Being a grad student is insanely hard — and that’s before you consider the fact that most grad students are broke. It’s hard to have anything more than a part-time job or some sort of teaching assistant or tutoring job through your program. Here’s how to save as much money as possible.
Take Advantage of the Benefits of Your School
You can utilize the library of the school and their free Wi-Fi to cut back on utility bills at home. It means using a bit less electricity, as well as studying and doing your work in an environment with fewer distractions. While there are many options for internet access, nothing beats free!
In addition, the university health center can either give you free checkups or will be at a rate that’s very cheap compared to normal doctor’s offices. Though they can’t do anything for emergencies or specialized care, you can get basic care and things like flu vaccines. Affordable healthcare is definitely something that should be taken advantage of.
Lastly, your school has a gym or rec center. It’s either free for grad students or comes with a minimal fee. If staying in shape is important to you, it’s cheaper to work out here than at a standard gym. Take a look at the activities going on around campus, too. Look into free movies or exhibitions that you can check out for some entertainment when you aren’t busy doing work.
Companies recognize that being a student is important, as well as a strain on the wallet. That’s why so many of them offer discounts if you show your student ID. It’s a good way to get clothes, a cell phone plan, and maybe treat yourself by going out to eat every once in a while. Even if they don’t have it advertised that they offer one, just ask. You never know unless you try!
Textbooks are ridiculously expensive. Try to borrow them from the university or public library if possible, get an e-book version or get them used. Never pay full price unless you absolutely have to.
That advice goes for other things, too. Need furniture for your apartment or new clothes for that presentation you have to give? Hit the thrift store. They’re full of hidden gems, and chances are good you’ll be able to find something awesome — even name brand — at a lot less than you would if you tried to find it at the mall.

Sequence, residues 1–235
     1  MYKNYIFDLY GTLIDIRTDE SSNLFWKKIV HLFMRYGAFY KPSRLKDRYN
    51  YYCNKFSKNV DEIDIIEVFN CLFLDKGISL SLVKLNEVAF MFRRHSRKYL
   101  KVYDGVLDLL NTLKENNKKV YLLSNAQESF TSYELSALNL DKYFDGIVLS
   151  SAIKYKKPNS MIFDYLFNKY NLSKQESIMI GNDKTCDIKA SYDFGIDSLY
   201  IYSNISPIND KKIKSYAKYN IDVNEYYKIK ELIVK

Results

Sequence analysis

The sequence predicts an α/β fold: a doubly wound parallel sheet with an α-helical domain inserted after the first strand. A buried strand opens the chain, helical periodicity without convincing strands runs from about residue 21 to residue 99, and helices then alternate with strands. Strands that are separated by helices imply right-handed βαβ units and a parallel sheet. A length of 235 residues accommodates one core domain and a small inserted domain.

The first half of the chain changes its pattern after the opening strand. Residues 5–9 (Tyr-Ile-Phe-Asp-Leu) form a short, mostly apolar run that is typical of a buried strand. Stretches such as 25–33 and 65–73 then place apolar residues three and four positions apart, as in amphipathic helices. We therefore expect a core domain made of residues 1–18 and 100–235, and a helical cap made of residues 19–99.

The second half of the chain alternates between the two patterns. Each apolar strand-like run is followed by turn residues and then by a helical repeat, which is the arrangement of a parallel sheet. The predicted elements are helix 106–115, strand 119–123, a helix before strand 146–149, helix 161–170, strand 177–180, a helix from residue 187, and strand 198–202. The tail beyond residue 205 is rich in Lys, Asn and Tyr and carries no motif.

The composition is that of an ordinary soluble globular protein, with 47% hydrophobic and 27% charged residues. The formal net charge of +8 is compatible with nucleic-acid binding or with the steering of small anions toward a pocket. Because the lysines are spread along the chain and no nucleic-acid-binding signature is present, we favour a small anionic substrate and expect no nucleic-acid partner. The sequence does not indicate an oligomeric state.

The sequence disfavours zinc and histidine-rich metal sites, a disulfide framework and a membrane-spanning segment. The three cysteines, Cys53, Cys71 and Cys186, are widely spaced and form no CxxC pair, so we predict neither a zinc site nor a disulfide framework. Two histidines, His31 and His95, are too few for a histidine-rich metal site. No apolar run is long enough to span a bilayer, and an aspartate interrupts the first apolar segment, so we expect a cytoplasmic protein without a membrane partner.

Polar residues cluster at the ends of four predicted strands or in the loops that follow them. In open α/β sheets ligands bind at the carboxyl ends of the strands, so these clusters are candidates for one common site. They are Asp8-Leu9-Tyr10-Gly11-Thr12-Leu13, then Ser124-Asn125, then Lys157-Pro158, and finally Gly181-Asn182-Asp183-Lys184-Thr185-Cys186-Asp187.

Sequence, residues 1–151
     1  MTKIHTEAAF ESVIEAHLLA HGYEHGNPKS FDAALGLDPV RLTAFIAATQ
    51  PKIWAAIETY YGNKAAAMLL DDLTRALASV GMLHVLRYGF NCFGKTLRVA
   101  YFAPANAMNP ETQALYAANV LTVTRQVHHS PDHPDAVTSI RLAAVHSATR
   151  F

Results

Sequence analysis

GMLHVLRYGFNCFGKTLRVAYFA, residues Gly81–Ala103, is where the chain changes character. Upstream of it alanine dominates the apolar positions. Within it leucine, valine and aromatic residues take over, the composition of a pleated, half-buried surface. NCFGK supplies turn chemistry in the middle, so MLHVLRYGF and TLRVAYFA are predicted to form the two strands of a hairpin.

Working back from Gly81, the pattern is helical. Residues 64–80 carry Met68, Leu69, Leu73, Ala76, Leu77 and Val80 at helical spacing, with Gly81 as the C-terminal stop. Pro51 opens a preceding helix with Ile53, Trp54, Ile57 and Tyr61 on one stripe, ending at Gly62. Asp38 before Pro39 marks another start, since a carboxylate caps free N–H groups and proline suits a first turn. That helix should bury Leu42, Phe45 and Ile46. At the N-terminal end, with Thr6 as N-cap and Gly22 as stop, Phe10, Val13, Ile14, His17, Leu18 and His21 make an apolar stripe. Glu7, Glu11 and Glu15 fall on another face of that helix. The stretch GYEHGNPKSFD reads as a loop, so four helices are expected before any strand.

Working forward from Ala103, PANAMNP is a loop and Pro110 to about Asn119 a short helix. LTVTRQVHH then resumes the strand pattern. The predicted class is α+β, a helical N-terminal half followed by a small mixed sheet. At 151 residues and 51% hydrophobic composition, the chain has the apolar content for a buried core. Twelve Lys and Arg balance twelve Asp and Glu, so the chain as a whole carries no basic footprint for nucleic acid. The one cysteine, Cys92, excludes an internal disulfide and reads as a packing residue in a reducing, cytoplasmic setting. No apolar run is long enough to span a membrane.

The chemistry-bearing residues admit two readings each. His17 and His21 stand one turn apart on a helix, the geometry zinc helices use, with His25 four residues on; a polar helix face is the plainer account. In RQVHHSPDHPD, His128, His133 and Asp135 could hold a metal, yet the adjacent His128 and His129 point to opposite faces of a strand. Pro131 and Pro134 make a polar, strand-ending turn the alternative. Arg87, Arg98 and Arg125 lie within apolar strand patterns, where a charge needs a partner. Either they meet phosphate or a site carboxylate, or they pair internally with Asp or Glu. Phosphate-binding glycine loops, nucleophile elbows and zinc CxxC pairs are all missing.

If you need to go to some sort of conference, schools often set aside some travel money for situations like this. Talk with professors you work closely with, or students that have been there longer, to see if they know of anything available. Schools usually advertise some, but there could be other ways to get funds that they don’t blatantly advertise.
In addition to going to that conference, you might be able to make this into a cheap little vacation. The university pays for your plane ticket and you can find a cheap hotel room or Airbnb to stay at for a few days after the conference has ended. It might not be your ideal vacation, but it’s definitely something!
Employer Tuition Reimbursement
Depending on what you’re going to school for, as well as your employer’s stipulations, you may be able to qualify for employer tuition reimbursement. While it certainly isn’t going to cover all of your tuition, you can get up to $5,250 each year from your employer. Ask around at your workplace and see if that’s something they do.
Now, the company obviously isn’t going to want to pay for your tuition if you’re instantly going to leave them when you graduate. You have to stay at least two years after reimbursement or you’ll have to pay them back what you got within the last 24 months of the date you leave. You’re also going to need to make sure you get a B or higher, and take up something that’s related to your current job.
Employer tuition reimbursement definitely isn’t for everyone, but if you’ve found a company that you’re happy with and just want to be eligible to “move up” down the road, this is an awesome option for you.
Look Into Any Grants, Scholarships and Other Money Sources That Are Possible
Scour information at your school and online for any grant or scholarship that you qualify for. Some schools and organizations have obscure grants that hardly anyone applies to, which gives you a better chance at it.
Also, some professional organizations may be available for you to join, depending on what you’re going to school for. Though they’ll usually have small yearly dues that you’ll have to pay, they may have funds you can apply for and use for conference travel or research.
Living the grad student life is tough, but there are definitely ways to make it easier on your wallet. Look into them and see how much you can save!